1989 and the aftermath: the role of the EBRD

By Axel  Reiserer


Once upon a time, Poland was poor. Tiny, but noisy Polski Fiat 126p cars polluted the air in the 1970s and 1980s, when industrious traders crammed their much loved maluchy to the limit with goods. They would meet counterparts in, say, Hungary who were tagging along with huge holdalls seemingly held together by sheer willpower. With every move between the Baltic and the Black Seas they were tirelessly creating a web of business links.

These were the real pioneers of the market economy, and once set free, there was no stopping the power of human enterprise.

This entrepreneurial spirit changed everything; the destiny of countries as much as people’s lives. Today, Europe is free and united as never before in its history.

The EBRD is a child of the 1989 revolution. The Bank was established with the clearly defined aim of supporting the development of the private sector. True to its word, the EBRD works through market forces. It is an approach that works. The Bank was instrumental in the development of economies which are competitive, create wealth and can raise living standards. Convergence, albeit slower than probably expected and certainly hoped for, is happening.

Thierry Baudon knows the EBRD inside out. He was one of the first members of a working group, established in the late 1980s, when ideas about the establishment of a financial institution to support the systemic transition in central and eastern Europe were first floated. He brought years of experience at the World Bank to address a very specific challenge: “Our objective was to apply the skillset of a development institution to foster the growth and strengthening of the private sector.” It was a task he and his colleagues took on with relish: “It was the only time in my professional life that I had a bed in my office.”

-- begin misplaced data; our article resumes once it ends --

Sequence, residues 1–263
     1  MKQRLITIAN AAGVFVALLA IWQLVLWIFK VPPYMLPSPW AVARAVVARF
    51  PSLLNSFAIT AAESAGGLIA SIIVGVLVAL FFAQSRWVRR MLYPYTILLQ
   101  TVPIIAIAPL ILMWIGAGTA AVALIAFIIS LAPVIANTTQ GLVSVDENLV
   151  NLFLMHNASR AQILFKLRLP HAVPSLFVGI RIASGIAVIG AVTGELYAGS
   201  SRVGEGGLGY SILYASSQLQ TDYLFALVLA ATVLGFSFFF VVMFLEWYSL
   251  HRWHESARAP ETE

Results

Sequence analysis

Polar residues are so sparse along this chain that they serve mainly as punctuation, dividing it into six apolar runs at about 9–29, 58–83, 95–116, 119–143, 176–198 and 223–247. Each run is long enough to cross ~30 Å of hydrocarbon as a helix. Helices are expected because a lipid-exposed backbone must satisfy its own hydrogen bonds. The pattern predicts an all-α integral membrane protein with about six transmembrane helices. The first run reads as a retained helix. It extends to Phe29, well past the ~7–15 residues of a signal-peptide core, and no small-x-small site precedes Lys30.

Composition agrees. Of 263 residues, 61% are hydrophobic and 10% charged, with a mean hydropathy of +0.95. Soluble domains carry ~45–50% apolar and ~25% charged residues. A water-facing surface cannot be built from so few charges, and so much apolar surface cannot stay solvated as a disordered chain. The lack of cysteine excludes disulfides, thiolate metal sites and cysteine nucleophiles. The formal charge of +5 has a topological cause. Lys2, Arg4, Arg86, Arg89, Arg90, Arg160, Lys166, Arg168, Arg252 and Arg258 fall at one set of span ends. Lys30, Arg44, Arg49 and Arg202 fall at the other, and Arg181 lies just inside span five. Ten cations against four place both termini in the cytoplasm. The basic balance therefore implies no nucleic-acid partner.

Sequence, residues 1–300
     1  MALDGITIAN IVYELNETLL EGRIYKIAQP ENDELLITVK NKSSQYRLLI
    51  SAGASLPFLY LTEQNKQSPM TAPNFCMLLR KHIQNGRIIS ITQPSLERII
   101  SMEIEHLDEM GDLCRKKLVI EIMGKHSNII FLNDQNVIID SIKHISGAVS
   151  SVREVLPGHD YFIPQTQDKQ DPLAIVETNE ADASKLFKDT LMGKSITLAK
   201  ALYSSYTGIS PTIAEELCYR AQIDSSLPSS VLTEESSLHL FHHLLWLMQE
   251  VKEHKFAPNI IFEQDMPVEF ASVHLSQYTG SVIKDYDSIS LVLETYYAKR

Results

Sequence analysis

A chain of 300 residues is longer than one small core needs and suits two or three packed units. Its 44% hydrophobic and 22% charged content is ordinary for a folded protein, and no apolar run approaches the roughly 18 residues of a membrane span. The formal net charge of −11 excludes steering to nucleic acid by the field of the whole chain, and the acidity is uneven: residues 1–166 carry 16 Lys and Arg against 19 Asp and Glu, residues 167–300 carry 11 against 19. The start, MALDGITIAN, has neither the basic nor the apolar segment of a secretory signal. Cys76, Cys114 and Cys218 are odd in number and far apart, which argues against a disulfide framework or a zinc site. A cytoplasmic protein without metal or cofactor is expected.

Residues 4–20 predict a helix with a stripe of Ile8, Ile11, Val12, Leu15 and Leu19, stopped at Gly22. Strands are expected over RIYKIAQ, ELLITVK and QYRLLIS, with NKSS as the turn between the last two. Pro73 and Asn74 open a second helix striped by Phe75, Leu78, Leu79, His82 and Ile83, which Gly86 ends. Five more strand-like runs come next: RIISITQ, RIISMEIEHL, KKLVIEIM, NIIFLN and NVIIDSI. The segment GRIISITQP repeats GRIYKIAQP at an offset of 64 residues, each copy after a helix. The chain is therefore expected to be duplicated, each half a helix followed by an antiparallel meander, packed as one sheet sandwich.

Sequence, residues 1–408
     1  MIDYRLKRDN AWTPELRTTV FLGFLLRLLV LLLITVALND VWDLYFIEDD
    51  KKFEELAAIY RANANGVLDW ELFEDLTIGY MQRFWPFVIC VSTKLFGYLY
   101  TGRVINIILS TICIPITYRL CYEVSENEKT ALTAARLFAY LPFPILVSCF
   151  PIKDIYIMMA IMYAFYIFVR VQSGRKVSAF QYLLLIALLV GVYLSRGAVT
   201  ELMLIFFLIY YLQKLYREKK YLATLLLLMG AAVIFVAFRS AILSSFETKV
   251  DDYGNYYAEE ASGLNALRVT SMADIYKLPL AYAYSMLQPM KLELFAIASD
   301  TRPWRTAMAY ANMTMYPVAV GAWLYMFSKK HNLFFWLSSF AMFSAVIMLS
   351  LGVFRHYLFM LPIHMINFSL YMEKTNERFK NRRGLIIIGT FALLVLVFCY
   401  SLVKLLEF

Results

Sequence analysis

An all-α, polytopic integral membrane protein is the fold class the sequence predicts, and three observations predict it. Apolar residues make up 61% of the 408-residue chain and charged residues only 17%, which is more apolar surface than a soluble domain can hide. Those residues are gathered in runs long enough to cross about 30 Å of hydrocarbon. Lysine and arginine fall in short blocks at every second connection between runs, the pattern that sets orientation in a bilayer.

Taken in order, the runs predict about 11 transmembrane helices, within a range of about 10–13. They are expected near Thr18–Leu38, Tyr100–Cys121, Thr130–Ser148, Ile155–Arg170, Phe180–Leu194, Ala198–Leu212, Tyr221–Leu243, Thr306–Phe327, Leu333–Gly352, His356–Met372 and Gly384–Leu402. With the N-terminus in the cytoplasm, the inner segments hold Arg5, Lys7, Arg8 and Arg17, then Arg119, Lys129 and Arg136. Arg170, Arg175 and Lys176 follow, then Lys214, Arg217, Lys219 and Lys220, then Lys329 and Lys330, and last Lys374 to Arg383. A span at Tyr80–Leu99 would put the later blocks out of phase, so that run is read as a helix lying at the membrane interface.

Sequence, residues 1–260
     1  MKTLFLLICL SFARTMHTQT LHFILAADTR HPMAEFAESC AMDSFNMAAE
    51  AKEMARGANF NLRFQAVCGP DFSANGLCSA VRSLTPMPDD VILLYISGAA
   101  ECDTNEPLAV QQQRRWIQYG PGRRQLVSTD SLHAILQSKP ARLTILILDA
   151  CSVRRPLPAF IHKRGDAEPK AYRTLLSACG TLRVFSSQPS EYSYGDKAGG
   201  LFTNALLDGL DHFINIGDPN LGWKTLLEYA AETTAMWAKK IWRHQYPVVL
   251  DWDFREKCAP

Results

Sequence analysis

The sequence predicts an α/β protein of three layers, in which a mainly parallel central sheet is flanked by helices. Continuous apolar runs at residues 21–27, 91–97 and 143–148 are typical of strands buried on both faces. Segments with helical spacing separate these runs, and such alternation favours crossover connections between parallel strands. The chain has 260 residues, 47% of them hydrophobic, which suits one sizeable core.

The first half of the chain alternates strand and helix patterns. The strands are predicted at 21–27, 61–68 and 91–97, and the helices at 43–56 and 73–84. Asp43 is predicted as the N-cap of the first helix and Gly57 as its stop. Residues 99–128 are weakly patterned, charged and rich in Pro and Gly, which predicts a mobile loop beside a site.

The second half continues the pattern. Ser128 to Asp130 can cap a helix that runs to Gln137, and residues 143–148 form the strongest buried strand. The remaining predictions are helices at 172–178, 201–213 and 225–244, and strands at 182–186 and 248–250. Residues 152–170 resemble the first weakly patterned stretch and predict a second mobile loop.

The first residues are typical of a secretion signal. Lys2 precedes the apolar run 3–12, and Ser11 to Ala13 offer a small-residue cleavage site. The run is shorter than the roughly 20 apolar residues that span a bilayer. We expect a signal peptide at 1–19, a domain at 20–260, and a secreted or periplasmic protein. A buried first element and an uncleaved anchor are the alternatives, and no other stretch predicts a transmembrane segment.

The very first project the Bank approved was a US$ 50 million loan to Wielkopolski Bank Kredytowy, a bank based in Poznań. It was the beginning of a successful relationship that lasts to this day and included the merger with Bank Zachodni, the coming and going of international investors and, finally, the integration of the bank into Banco Santander. Under the name Santander Bank Polska, it is the second largest bank in Poland today.

Paweł Kołodziński, the bank’s current Head of Corporate Development, remembers: “The 1990s were the breakthrough period for the Polish financial sector. At that time, the development of modern and mass banking was getting into full swing. It was 25 years ago that we issued our first payment card. The 1990s were times of great opportunities and great challenges. After the years of shortages inherited from the communist era, the demand on the Polish market was immense, and so was the potential for the development of new services and products.”

The EBRD’s first baby steps soon became giant steps in the countries’ development and growth. GDP per capita in Hungary in US dollars was 36 per cent higher in 2016 compared with 1988, 109 per cent higher in the Slovak Republic and 120 per cent higher in Poland. Overall, the EBRD has invested €19.2 billion through 1,117 projects in the seven countries of central and eastern Europe since 1991.

But the spoils were not divided evenly, something which would, in later years of transition, take its toll. “The well educated urban middle classes were the big winners of the reform process,” Mr Baudon says. “Excessive inequality can be very damaging for the economic and social fabric of society and could undermine support for democratic politics,” warns EBRD Chief Economist Beata Javorcik.